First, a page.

Direct expenses and lost income are summarised in Figures 1 and S1. Throughout the entire illness, the proportions of direct expenses that were medical and non-medical were similar (49% [95% CI = 43%–55%] versus 51% [95% CI = 47%–54%] of total direct expenses, p = 0.7). Medical expenses were greatest pre-treatment: during this period, medical expenses were higher than non-medical expenses and constituted almost two-thirds of overall direct expenses (0.20 [95% CI = 0.18–0.22] versus 0.13 [95% CI = 0.11–0.15] monthly incomes, p<0.001). Conversely, during treatment, non-medical expenses were higher than medical expenses and constituted approximately two-thirds of overall direct expenses (0.22 [95% CI = 0.20–0.24] versus 0.14 [95% CI = 0.12–0.16] monthly incomes, p<0.001). Direct expenses were higher pre-treatment than during treatment (0.52 [95% CI = 0.46–0.59] versus 0.41 [95% CI = 0.37–0.44] monthly incomes, p<0.001), whereas lost household income was lower pre-treatment than during treatment (0.60 [95% CI = 0.50–0.69] versus 0.75 [95% CI = 0.68–0.82] monthly incomes, p<0.005). Lost household income was higher than direct expenses throughout all treatment phases, with the greatest difference during the intensive treatment phase (69% lost income [95% CI = 61%–77%]; Figures 1 and S1).
The top row of data in the table below the bar graph shows lost income in mean Peruvian Soles and, in parentheses, as a percentage of total expenses. The next six rows show direct expenses in mean Peruvian Soles and, in parentheses, as a percentage of total direct expenses. Medical expenses are defined as the sum of direct expenses for medicines (blue bar) and clinical exams (dark blue bar); non-medical expenses are defined as the sum of direct expenses for natural remedies, TB-care-related transport, extra food, and other TB-related expenses. The lowermost two rows show total direct expenses (i.e., sum of medicines, clinical exams, natural remedies, transport, extra food, and other expenses) and total expenses in mean Peruvian Soles and, in parentheses, as a percentage of total expenses. p-Values represent the difference between treatment stages by Student's t-test. 23/876 (2.6%) of the TB patient cohort had direct expenses of 0 PEN, and 14/876 (1.6%) had total expenses of 0 PEN, and thus these zero values were replaced with 0.5 PEN per day. A line chart representation of this graph is available in Figure S1.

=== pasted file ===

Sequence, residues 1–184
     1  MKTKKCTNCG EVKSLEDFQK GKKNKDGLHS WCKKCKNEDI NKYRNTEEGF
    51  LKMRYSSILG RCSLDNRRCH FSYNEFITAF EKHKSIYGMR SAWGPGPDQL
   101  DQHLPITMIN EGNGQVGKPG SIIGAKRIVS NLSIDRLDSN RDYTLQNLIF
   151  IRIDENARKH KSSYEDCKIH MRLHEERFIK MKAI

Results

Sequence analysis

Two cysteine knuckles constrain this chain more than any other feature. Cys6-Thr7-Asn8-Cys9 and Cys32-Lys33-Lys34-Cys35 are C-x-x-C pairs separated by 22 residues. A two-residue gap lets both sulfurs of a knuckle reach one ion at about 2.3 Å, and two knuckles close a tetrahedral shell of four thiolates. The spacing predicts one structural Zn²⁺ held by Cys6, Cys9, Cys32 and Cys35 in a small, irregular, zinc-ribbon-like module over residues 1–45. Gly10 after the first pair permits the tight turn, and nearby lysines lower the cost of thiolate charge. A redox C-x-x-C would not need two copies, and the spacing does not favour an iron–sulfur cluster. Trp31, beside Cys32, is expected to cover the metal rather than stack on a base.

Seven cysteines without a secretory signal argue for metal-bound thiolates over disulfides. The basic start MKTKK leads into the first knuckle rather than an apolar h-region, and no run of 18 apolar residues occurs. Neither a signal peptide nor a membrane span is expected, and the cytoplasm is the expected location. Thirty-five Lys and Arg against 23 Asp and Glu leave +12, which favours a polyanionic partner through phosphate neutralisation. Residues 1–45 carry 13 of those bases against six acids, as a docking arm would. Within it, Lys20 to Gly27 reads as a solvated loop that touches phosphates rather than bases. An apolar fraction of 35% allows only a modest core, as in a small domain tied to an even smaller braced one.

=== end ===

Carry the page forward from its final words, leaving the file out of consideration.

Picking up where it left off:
In addition to direct expenses and lost income, total expenses are summarised in Figures 1 and S1. Total expenses were similar pre-treatment and during treatment (1.1 [95% CI = 1.0–1.2] versus 1.2 [95% CI = 1.1–1.2] monthly incomes, p = 0.6). Total expenses (1.12 [95% CI = 0.99–1.25] versus 0.62 [95% CI = 0.56–0.68] monthly incomes, p<0.001), direct expenses (0.52 [95% CI = 0.46–0.59] versus 0.19 [95% CI = 0.16–0.22] monthly incomes, p<0.001), and lost income (0.6 [95% CI = 0.50–0.69] versus 0.43 [95% CI = 0.38–0.48] monthly incomes, p = 0.001) were significantly higher pre-treatment than during the intensive treatment phase. Total expenses (0.62 [95% CI = 0.56–0.68] versus 0.54 [95% CI = 0.49–0.59] monthly incomes, p = 0.01) and lost income (0.43 [95% CI = 0.38–0.48 versus 0.32 [95% CI = 0.28–0.36] monthly incomes, p<0.001) were higher in the intensive than the continuation treatment phase, but there was no difference in direct expenses between these treatment phases (0.19 [95% CI = 0.16–0.22] versus 0.22 [95% CI = 0.20–0.23] monthly incomes, p = 0.07). When total expenses were examined per month, monthly total expenses for the intensive treatment phase were approximately double those of the continuation treatment phase.
Poverty and expenses.
TB patients were poorer than controls (58% [95% CI = 55%–61%] versus 51% [95% CI = 47%–56%] above control mean, p<0.02; Table 1). In poorer households, direct expenses were lower (mean direct expenses of poorest households 330 [95% CI = 287–373], poor households 418 [95% CI = 351–485], and least-poor households 435 [95% CI = 380–490] PEN, p<0.001; Figure 2), but total expenses made up a greater proportion of the same household's annual income (poorest households 48% [95% CI = 35%–50%], poor households 47% [95% CI = 24%–70%], and least-poor households 27% [95% CI = 20%–34%], p<0.001; Figure 2).
(A) Total expenses as proportion of annual income. (B) Direct expenses. p-Values represent Pearson's coefficient of trend. Bars represent confidence intervals. The numbers in the three bars of (A) refer to the left-hand y-axis of total expenses as a proportion of annual household income. The numbers in the three bars of (B) refer to the right-hand y-axis of direct expenses in mean Peruvian Soles.